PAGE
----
The Blue Lantern Corp was started by two former Guardians of the Galaxy, an immortal race that is responsible for creating the Green Lantern Corp. Sick of abandoning emotion and sitting atop their high horses for so long, these two create a light so powerful that it can restore the life of a dying sun, heal wounds, neutralize the effects of other rings and create constructs that mainly target the target’s psyche. This light and corp are created to help guide the other lights & unite them, although none of this can be accomplished without the presence of a Green Lantern, as Hope is nothing with the Willpower to enact it. The Blue Lantern design is similar to a Green Lantern uniform: the main portion of the suit is black with a Y shaped blue crest covering the chest of the Corpsmen. Many of the members wear clothing or appear as figures that are normally associated with religions. For instance, Brother Warth is unmistakably the Indian God, Ganesha and Brother Hynn is dressed in Shaolin Monk robes. Even though Robin would look good in robes, I again, didn’t want to rob her of her individuality…
Once again, lets jump right into the colors there are happening. There is that presence of black, bringing out that sense of dominance and credibility but it really stays in the background in comparison to the blue. I kept the Y shape near the top of her jacket and chest to keep in accordance with the Corps common appearance but also tried to incorporate it everywhere in some way. Blue is meant to open the flow of communication, which is why I made it a point to have the bottom half of the jacket arm blue; I want to the people she is reaching out of to feel comfortable. The blue band on the hat represents broadening your perspective and trying to understand others and the rest (top, skirt, etc.) is just there is relax the viewer. Blue is meant to create an air of familarity. I added in the White (not normally a part of the costume) because I think its presence helps to clear away any other thoughts and focus on the calming effects of the blue.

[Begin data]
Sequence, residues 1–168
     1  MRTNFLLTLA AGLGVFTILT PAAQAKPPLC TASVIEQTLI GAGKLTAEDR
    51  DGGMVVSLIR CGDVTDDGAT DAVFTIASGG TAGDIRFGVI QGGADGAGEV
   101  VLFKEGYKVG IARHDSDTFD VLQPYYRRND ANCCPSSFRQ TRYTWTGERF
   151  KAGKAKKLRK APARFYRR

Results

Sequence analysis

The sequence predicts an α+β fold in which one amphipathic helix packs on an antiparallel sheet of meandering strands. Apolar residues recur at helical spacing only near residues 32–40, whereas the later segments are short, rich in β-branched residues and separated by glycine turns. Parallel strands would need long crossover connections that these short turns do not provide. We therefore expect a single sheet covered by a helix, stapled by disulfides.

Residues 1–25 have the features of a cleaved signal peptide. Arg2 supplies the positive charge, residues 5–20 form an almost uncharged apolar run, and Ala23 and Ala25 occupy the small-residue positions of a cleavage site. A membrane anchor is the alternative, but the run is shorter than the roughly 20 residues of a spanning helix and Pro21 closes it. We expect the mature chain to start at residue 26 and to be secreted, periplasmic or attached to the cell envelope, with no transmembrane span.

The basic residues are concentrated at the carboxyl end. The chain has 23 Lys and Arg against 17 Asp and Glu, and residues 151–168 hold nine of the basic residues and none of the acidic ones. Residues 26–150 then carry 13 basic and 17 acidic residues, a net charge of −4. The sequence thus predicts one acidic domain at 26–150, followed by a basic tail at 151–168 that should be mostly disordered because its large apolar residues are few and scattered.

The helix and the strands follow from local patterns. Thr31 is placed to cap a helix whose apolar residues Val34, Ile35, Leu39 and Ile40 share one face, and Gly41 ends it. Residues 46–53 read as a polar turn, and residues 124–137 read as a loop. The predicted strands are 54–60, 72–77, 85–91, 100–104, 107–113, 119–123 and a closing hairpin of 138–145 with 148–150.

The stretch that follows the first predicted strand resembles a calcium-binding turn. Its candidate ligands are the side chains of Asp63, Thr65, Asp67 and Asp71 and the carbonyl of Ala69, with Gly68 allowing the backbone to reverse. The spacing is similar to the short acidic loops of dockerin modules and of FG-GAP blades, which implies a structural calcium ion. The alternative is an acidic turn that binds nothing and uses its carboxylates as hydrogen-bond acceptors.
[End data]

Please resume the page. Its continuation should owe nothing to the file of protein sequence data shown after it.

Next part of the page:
All in all, and I think you are finding most of this with my redesigns, I don’t want to change who these characters are but focus on what I see in them and let that shine. I think Oda has done a great job with these characters; they are real, honest people and while they’re situations are much more extreme than ours will ever be, their feelings are so true to human life that it is uncanny. I can’t tell you how many times that this series has touched me and made me tear up, thinking about my own experiences in life. I hope it touches you in the same way.
Quite possibly the most loved character of the series, Tony Tony Chopper has been an amazing addition to the One Piece mythos. As the crew’s Doctor, he actually has the expertise and knowledge that characters, like Usopp only brag about, yet he isn’t cocky or overly confident in his abilities. In fact, Chopper has such a caring compassionate heart (just look at his backstory!); a real need to belong, that his main concern is finding friends and being a part of the group. He pals around with Luffy & Usopp, reveres the grand, tough manliness of Sanji & Zoro and adores Nami & Robin. He is the perfect fit for a Indigo Lantern.
A little background on the Indigo tribe before we get started. They are a elusive tribe of nomadic peoples who travel the universe, instilling compassion onto those who either need it or lack it. Meaning that the tribe helps those in pain, in suffering and subsequently punishes those who do harm unto others. They have a power ring, much like the GLC but instead of creating its own light, it has the ability to channel the other emotional lights & their effects. They also wholeheartedly devote themselves to the cause, forgoing any individuality they might have had previously. This leads their Corps appearance, unlike the GLC, to be absolutely one in the same; complete with tattered indigo loin cloths, painted symbols on the arms and legs and a collar depicting the Corps symbol, leaving Chopper to be no different:
Upon writing this, I realize that I didn’t exactly follow my own rules. Chopper’s trademark hat is still present, although the color and symbol has changed to fit his new job. I’ve also added some tassels and cloth to his horns intentionally.
Either way, I am pleased with this costume. The simplistic style fits Chopper well and I am glad that he isn’t too covered up; there is a nice balance of indigo and his natural fur color. Speaking of Indigo, it is a good color for Chopper, especially with his heightened intellect. Indigo, according to color theory, symbolizes a mystical borderland of wisdom, self-mastery and spiritual realization. It allows us to step outside of our boxes and look at the world in a new way, much like how Chopper felt when he joined the crew.